Last weekend’s West Marine US Open Sailing Series on San Francisco Bay provided what most racers come here for — powerful conditions and exceptional competition. It was the sixth and final event in a series of regattas established to help raise the performance of US sailors competing on the world stage.
After disappointing Olympic sailing events, Paul Cayard, executive director of the US Sailing Team, and rising US talent were in San Francisco to remind us that we nonetheless sent a competitive team to Tokyo, and there is more talent being cultivated every day across the country. To build a truly national team that attracts competitors from across the country, US Sailing debuted the West Marine US Open Sailing Series at the beginning of the year. Three events were held in Florida — in Fort Lauderdale, Miami and Clearwater — throughout January and February. The series finished up in California with events in San Diego, Long Beach and San Francisco.
The regatta was held at two venues. St. Francis Yacht Club organized the iQFoil and Formula Kite fleet races. San Francisco YC ran the ILCA and I420 events. The ILCA Lasers launched from Treasure Island Sailing Center.
The iQFoil and Formula Kite sailors are vying for an Olympic berth in 2024 in France. With only three years instead of four in the next ‘quad’, they’re hard at it polishing their performance and technique.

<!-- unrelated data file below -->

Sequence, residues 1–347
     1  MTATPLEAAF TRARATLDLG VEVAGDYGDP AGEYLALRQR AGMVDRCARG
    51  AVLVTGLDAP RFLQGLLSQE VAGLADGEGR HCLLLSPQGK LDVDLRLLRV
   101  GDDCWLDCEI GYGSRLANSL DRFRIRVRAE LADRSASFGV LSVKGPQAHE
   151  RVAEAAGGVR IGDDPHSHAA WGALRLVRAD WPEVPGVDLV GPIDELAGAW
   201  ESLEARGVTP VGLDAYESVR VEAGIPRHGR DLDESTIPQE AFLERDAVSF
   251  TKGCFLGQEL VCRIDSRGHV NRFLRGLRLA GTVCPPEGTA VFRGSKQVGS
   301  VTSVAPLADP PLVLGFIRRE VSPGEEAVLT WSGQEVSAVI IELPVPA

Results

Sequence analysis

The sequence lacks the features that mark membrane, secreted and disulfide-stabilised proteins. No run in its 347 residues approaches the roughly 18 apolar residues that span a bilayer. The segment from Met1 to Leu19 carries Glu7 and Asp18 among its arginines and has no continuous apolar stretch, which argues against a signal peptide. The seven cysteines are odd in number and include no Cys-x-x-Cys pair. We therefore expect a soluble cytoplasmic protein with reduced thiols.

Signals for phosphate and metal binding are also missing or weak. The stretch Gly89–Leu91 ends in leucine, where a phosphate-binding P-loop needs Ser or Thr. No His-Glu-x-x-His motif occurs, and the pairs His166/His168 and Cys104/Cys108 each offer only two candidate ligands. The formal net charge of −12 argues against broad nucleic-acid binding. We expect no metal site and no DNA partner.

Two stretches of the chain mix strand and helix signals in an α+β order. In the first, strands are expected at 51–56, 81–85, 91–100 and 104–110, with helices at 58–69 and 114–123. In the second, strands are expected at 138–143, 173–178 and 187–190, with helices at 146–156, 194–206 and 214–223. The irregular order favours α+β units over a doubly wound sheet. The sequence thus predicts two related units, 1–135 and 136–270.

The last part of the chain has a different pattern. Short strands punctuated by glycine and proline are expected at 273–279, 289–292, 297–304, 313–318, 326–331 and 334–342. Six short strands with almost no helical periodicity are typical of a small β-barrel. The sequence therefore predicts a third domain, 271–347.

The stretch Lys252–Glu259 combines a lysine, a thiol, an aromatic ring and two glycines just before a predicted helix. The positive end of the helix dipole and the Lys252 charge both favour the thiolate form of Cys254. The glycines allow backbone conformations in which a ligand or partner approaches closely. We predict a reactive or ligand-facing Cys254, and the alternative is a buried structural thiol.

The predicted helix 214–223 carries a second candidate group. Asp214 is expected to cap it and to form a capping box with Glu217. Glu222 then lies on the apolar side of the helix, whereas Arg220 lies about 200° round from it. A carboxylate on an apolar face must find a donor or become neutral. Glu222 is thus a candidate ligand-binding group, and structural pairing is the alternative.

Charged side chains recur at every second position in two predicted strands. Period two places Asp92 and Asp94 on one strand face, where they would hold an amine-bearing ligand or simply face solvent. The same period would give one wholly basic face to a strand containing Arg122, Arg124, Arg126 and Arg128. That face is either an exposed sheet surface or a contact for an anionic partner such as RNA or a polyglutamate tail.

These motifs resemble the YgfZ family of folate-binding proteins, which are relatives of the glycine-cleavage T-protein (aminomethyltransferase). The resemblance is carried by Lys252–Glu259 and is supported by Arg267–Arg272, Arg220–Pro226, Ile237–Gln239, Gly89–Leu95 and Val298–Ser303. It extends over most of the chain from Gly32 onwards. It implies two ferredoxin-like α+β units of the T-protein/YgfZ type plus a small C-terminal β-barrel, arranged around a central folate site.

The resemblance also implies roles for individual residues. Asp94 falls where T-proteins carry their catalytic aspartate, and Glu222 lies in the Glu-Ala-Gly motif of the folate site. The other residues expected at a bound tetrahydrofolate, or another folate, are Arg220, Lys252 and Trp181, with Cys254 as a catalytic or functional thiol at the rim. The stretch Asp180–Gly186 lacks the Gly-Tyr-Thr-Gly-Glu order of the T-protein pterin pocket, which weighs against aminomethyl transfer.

Adrien Gaillard of Cozumel, Mexico, captured the iQFoil 9 event, and JP Lattanzi of Honolulu, Hawaii, won the iQFoil 8 fleet.
In the Open Formula Kite, Kai Calder from Alameda claimed first-place honors. Calder was even on points with local legend Johnny Heineken from Larkspur and Markus Edegran of Rio Vista after Friday’s racing. Calder overtook first-place on Saturday, and then defeated Edegran by 5 points. Johnny Heineken took third.
The International 420 fleet and ILCA fleets sailed on a blustery, bouncy Berkeley Circle. It looked like a ton of fun if you were fit and young enough to enjoy the flogging.
Jack Murphy of Hillsborough and Sawyer Bastian from San Jose fought through the rollicking conditions to take first place in the I420. The ILCA fleet standings have not been posted, but they raced hard in bracing conditions.
As summer ends and students head back to school, many Olympic hopefuls in this past weekend’s event will take what they learned on San Francisco Bay and in the full series and apply it to their college racing and their Olympic ambitions. Paul Cayard and US Sailing are building a series that looks to improve the performance of the US Sailing team in France in 2024 and make another giant leap forward by the time Olympic sailing returns to Long Beach in 2028. For more results and a wrap-up, visit US Sailing here.